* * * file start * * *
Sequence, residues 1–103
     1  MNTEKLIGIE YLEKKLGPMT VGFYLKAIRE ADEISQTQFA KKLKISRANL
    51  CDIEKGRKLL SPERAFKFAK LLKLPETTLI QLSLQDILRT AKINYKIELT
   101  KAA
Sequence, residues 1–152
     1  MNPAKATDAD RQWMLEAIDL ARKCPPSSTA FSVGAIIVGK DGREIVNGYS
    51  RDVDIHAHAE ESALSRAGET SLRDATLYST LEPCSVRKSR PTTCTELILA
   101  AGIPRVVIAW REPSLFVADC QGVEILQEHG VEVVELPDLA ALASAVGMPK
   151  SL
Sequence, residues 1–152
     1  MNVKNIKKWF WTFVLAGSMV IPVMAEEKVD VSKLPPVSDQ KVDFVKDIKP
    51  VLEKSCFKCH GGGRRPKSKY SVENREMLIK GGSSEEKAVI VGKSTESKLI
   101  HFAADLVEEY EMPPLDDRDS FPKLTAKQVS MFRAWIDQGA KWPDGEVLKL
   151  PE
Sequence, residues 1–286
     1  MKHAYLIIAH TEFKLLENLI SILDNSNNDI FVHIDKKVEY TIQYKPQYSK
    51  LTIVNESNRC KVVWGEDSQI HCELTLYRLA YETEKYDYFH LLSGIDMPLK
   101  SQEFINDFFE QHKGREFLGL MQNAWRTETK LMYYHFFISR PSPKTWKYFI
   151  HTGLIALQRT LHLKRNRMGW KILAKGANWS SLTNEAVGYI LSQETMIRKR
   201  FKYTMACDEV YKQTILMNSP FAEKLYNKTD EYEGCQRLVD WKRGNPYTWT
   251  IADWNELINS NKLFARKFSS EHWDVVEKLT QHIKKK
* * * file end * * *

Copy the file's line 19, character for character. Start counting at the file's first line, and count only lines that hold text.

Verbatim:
   151  HTGLIALQRT LHLKRNRMGW KILAKGANWS SLTNEAVGYI LSQETMIRKR